Last October we reported about a cardiac app under development by the Worcester Polytechnic Institute that aims to detect not only the heart rate, but also heart rhythm, respiration rate and blood oxygen saturation using the phone’s built-in video camera. As you can see above, the app is now really taking shape and it is expected to hit the market in three to six months, pending FDA approval.
As described before, the app uses the smartphone’s camera and light-source, detecting small changes in skin color and the appearance of underlying blood vessels at 30 fps as you hold your index finger over the camera for a minute or two (likely to be shorter in the final version). Due to the implementation of the light-source, the app will be compatible with the iPhone and most other smartphones, but not with the iPad. The phone will display a green indicator when everything is normal and a red one when an abnormal heart rhythm is detected. It also displays the heart rate, records symptoms and allows for data to be emailed to a doctor for further evaluation.
Although the app is not meant to replace any diagnostic devices, it could be used as a screening tool. Also it may be of use for patients with intermittent symptoms (paroxysmal atrial fibrillation) to register episodes over longer periods of time, either in existing patients for monitoring purposes or in new patients for detection of atrial fibrillation. A watch band type device might function to continuously acquire data or the app could be used once the patient experiences symptoms.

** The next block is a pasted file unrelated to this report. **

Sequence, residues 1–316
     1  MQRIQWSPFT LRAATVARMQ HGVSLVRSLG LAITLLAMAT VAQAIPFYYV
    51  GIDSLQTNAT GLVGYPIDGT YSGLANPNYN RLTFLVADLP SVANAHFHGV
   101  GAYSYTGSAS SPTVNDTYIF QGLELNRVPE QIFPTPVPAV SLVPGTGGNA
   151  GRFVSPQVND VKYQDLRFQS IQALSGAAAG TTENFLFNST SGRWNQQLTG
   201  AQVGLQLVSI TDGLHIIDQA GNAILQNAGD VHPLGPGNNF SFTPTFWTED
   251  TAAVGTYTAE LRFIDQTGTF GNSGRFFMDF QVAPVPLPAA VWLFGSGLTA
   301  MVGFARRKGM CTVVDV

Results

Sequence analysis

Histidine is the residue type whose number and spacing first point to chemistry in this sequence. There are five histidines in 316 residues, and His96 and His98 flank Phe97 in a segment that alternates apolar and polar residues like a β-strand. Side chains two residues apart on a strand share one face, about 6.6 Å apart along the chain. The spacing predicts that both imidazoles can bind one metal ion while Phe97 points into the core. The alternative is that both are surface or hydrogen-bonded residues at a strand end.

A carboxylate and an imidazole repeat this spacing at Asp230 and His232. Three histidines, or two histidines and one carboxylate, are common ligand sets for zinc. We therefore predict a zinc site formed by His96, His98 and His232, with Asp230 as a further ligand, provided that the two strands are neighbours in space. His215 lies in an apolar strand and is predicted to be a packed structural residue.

The app has been tested in 60 UMass patients with atrial fibrillation who were all correctly identified, giving it a 100% sensitivity, however as a screening tool it will be interesting to see if that doesn’t come at the price of losing too much specificity. We will keep you updated when the app becomes available. Meanwhile, there is still this Apple patent that if included as a feature on the next iPhone could make this technique instantly obsolete.
Flashback: Smartphone Camera Detects Breathing Rate, Pulse and Blood Oxygen Saturation
Source: Telegram: New phone app tracks heart rate…
(hat tip: iMedicalApps)